The only heated argument we have engaged in so far was actually between Nic and Andrea about background parallax, which is to say that it was not very interesting (or even very heated, for that matter). Andres, Michael and Jeff seem to revel in giving the artists a hard time about asking for features by acting like things will be really hard and time-consuming to implement, only to turn around and perform their black magick, which often equates to getting the job done in one line of code. Nic and Andrea seek retribution by making really obnoxious hot pink placeholders whenever possible. You can call it passive-aggressive; we call it good clean fun.
Besides lucking out on a great team dynamic, we have found that our position as competitors in Dare to be different and better from what we expected. We are often labeled “The American Team”, and are extremely proud to be the first representatives of our country and our school, Georgia Tech, in this international game development challenge. We are also “finalists” in what is arguably the most highly regarded, high-profile, high-stakes competition in the computer game industry for the up-and-coming, and we will be sure to milk that for all it is worth on our CVs.
Most importantly for us, however, is the fact that we are here to be saturated in an industry that is difficult to become a part of. Nearly every day we receive invaluable one-on-one feedback from industry veterans; dedicated resources we never could have obtained outside the competition.
It is the access to that knowledge so early in our budding game development careers that is going to help propel us toward our ultimate dream: to make beautiful, kickass, life-changing games. We are not here just to spend the summer abroad; we are here to take advantage of an opportunity so huge it is sublime. The resources at our fingertips are unlike any other, but they do not just come from the Dare staff, sponsors, or mentors. They come from our peers as well; the friendliest and most welcoming group of people we could have ever hoped to meet.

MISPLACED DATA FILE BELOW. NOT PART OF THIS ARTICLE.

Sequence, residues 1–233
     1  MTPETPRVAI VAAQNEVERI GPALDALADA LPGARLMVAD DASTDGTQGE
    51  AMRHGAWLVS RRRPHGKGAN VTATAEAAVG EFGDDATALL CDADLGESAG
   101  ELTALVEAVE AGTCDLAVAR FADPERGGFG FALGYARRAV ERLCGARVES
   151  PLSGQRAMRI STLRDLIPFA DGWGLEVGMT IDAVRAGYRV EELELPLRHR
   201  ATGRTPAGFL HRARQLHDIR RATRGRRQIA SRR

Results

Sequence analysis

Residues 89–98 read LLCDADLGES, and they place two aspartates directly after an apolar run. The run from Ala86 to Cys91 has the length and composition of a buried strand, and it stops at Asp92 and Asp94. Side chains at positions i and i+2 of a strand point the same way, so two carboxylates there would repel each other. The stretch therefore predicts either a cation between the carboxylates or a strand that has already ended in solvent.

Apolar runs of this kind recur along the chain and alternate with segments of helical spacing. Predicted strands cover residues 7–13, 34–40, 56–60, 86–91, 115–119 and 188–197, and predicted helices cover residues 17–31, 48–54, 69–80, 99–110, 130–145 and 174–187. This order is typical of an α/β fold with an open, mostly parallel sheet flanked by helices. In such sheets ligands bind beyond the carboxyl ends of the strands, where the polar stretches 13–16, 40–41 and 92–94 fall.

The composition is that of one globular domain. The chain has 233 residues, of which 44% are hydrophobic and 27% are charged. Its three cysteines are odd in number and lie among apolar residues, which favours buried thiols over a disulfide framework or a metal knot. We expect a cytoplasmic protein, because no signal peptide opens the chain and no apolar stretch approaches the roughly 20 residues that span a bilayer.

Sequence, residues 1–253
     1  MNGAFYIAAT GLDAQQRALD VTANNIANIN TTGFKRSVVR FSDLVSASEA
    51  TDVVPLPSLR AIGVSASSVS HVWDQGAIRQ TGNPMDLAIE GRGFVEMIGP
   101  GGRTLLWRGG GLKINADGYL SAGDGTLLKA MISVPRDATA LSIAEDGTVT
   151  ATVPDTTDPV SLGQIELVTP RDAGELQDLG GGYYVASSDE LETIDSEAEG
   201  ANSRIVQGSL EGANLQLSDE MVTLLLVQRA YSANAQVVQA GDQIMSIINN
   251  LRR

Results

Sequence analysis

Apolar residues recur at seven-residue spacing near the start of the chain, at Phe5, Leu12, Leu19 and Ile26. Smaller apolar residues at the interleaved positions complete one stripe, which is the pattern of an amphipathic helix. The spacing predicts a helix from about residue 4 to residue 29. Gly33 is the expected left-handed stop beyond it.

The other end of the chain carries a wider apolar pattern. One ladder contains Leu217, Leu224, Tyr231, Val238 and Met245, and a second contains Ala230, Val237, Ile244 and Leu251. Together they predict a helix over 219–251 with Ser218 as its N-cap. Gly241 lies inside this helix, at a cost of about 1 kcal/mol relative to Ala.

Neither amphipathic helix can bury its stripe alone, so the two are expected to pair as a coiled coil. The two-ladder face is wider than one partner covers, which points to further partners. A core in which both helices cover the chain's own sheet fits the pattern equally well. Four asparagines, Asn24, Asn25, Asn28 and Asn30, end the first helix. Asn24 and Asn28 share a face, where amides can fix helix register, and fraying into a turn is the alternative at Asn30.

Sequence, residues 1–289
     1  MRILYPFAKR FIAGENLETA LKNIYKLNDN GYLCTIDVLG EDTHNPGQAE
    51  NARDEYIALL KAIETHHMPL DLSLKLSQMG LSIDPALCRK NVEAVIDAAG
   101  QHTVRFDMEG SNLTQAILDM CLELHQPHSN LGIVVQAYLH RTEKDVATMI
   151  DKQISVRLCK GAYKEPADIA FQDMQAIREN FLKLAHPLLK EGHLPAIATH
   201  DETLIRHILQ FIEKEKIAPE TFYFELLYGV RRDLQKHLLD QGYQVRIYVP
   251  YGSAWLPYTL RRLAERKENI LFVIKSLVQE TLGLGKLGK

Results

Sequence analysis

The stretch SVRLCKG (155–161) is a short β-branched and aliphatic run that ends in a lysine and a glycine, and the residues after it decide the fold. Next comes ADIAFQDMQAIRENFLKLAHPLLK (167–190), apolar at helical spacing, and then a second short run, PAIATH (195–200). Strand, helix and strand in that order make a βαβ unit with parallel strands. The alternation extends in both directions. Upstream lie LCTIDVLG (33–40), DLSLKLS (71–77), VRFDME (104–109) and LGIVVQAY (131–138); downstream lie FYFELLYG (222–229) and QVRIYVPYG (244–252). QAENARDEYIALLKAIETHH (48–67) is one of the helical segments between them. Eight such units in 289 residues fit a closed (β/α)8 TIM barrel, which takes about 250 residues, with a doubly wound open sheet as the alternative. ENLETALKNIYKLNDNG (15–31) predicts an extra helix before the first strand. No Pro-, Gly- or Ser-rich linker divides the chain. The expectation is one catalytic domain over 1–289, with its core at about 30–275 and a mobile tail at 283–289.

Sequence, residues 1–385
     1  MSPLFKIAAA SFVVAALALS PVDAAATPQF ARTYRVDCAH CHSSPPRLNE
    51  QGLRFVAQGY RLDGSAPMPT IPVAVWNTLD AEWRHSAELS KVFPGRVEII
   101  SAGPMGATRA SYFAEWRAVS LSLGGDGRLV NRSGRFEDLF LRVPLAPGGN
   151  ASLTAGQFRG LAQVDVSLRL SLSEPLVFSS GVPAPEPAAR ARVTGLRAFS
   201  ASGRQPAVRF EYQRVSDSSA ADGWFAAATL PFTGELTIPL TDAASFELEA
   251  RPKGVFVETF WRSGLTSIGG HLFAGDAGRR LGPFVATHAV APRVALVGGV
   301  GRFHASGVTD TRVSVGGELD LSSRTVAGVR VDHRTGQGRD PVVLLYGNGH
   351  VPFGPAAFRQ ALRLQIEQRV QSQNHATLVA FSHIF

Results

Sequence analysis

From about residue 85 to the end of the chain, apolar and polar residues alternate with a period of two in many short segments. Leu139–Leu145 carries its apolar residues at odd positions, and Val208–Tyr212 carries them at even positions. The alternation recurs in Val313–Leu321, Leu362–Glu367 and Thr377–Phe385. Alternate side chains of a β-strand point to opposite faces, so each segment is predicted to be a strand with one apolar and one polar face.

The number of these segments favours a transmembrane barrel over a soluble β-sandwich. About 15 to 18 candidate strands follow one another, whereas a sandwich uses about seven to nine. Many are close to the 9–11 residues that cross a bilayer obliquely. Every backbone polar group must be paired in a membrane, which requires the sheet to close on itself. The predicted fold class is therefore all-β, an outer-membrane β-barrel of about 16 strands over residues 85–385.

It is staggering to find so many talented, bright, and highly-motivated people who are all working toward the same goal as we. Not only does that make for great parties on the weekends, but collectively we are the makings of the kind of ambitious, energetic, self-propelling community that any industry dreams about. We all want to win a BAFTA, it’s true, but there is a deeper desire to simply make great games that bonds us respectfully and joyfully. Some of the most encouraging feedback we have received has come from our peers, and it is the least we can do to attempt to return the favor.
It is the halfway mark of the competition, and we have already learned so much. The game we pitched at the beginning of the competition is really coming together; while somewhat different than we had originally imagined, it is vastly improved. We have a much better idea about what we do not know, what we need to learn now, and the huge leaps and bounds we are going to have to take before we can even begin to fulfill our ambitions.
It is going to take a lot of blood, sweat, and tears to make the transition from “The American Team” to “The Team That Made A Game You Will Never Forget”, but all that is more than OK, because beyond all else we know that we are honored to be here, and we could not be more awed or appreciative.